Successful Breastfeeding

Baby’s first instinct is to nurse. In fact a healthy newborn placed on mom’s chest skin to skin will turn toward the breast (they prefer unwashed breasts as they are drawn to mom’s scent and the lure of milk) and may attempt the breast crawl to reach the breast. Many babies latch onto mom’s nipple without difficulty. Breastfeeding should not be painful or difficult (at least not after a few days). Though many mothers and babies flow into nursing easily, other moms discover that it can take time and patience to establish breastfeeding.

The breasts begin preparation for nursing early in pregnancy. Some mothers have an overabundance of milk, some not enough and others have just the right amount to satisfy the baby. A healthy diet and plenty of fluids are essential for mom. It is good to drink a glass of water every time you nurse or pump in addition to what you usually drink.

A nipple shield can be helpful if you have inverted, flat or short nipples. Premature babies may not be strong enough to successfully nurse and a nipple shield may make it easier for them. If your baby has difficulty latching which may be due to a tongue-tie, tongue thrust or retracted tongue, a shield can be helpful as these issues are assessed. A lactation consultant can help with breastfeeding issues and an osteopathic physician can assess and treat related structural issues. Tongue function is important for feeding, eating, swallowing, speaking and breathing as well as the developing face. Anatomic issues and functional issues have to be assessed together.

What about Tongue Ties?

Everyone has a lip and tongue frenulum, a band of tissue that connects the tongue to the floor of the mouth and the lip to the gums. You can lift your upper lip and tongue to observe yours. Frenums develop early in pregnancy and should regress enough that the tongue is not tethered and the upper lip can flange so the baby can grasp not only the nipple but the areola as well. The areola contains milk in the sinuses so baby needs to be able to include this area to get the most milk. When a baby can only grasp the nipple, it can cause breastfeeding to be painful.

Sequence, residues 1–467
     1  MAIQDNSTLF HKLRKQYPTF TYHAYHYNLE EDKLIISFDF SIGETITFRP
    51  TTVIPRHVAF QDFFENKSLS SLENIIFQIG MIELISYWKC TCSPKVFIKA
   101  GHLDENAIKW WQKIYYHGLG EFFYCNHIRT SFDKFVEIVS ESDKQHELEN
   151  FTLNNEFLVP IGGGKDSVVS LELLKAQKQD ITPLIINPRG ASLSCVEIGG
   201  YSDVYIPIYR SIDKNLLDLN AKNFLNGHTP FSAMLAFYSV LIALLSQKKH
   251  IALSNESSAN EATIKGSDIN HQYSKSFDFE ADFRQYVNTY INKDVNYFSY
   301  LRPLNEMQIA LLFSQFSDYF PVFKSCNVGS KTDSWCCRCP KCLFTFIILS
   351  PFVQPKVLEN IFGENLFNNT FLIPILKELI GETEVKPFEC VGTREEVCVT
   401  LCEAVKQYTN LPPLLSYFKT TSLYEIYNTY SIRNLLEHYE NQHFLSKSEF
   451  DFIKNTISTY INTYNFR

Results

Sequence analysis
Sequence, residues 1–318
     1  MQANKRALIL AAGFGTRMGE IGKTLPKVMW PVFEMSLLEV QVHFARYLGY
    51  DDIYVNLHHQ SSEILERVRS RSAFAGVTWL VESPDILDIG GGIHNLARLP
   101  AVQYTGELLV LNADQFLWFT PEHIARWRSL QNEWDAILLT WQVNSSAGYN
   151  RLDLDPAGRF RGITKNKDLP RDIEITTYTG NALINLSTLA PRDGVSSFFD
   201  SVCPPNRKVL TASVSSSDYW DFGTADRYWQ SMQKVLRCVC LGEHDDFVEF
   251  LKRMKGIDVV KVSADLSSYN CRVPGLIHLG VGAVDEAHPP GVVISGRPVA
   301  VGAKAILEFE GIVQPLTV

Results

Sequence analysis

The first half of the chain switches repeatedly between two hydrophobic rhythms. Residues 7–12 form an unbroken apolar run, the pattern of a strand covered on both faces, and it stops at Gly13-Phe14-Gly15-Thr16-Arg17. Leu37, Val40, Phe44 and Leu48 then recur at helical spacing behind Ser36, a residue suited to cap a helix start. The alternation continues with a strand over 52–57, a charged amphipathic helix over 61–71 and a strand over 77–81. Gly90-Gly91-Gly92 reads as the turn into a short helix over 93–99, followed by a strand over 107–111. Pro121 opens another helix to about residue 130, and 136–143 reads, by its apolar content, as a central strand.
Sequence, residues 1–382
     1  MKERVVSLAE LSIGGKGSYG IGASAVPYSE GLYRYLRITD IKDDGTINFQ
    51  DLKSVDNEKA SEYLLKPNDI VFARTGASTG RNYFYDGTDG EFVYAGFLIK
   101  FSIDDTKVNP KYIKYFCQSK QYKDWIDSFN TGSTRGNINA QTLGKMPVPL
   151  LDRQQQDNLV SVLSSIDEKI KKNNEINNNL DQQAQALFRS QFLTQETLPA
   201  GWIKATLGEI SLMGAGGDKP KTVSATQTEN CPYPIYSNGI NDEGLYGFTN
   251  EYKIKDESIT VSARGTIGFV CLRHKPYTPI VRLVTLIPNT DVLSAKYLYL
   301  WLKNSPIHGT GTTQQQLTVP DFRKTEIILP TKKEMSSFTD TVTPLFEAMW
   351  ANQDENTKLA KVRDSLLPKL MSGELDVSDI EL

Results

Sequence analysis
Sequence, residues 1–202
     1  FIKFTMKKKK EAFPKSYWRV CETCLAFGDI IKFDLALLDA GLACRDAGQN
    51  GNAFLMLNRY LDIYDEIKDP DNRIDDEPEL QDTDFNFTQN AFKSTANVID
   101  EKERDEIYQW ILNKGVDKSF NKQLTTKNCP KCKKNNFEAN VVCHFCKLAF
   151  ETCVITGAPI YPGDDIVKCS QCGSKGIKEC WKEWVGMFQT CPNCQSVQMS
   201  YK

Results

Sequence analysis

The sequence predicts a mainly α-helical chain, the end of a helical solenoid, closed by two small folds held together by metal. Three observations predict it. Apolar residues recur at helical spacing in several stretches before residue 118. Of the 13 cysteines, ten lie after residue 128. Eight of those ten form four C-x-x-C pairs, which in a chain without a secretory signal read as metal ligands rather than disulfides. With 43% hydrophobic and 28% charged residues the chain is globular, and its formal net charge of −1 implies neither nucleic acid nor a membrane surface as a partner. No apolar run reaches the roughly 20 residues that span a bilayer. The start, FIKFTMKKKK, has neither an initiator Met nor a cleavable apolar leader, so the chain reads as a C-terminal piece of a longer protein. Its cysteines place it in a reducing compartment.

A difficult birth can affect the nerves that feed the tongue, affecting breastfeeding. Compression in the area of the vagus nerve can lead to excessive spitting up.

The tongue’s ability to reach the roof of the mouth is important for breastfeeding and for the development of the mid and lower face.

Infant signs of a tongue tie:

  • Inability to latch onto the breast or to latch deeply
  • Difficulty maintaining a latch that forms a seal so milk dribbles
  • Baby tends to slide off the nipple, and is unable to use a pacifier
  • Long feeding times without feeling full, poor weight gain or excessive weight gain (this can depend on how much milk mom produces)
  • Falling asleep while nursing without completing the feed, poor sleep
  • Gums, bites or chews the nipple
  • Gulps, swallows air leading to gas and stomach pain, excessive fussiness
  • Lip ties can also contribute to the above and may prevent the upper lip from flipping leading to a shallow latch, as well as preventing the mouth from opening widely

Tongue tie breast challenges for mom:

  • Sore nipples (lipstick shaped nipples, blanched, sore, cracked or blistered nipples)
  • Severe pain with nursing
  • Incomplete emptying of the breast which can lead to mastitis
  • Infected nipples, thrush
  • Poor milk production or flow

Lip and tongue tie issues often require a team effort to resolve. All newborns benefit from an osteopathic evaluation to relieve issues from positioning in the womb as well as any birth trauma.

For babies that would benefit from a frenectomy, the Osteopathic physician can address structural and functional issues before and after the procedure with gentle osteopathic manual medicine.

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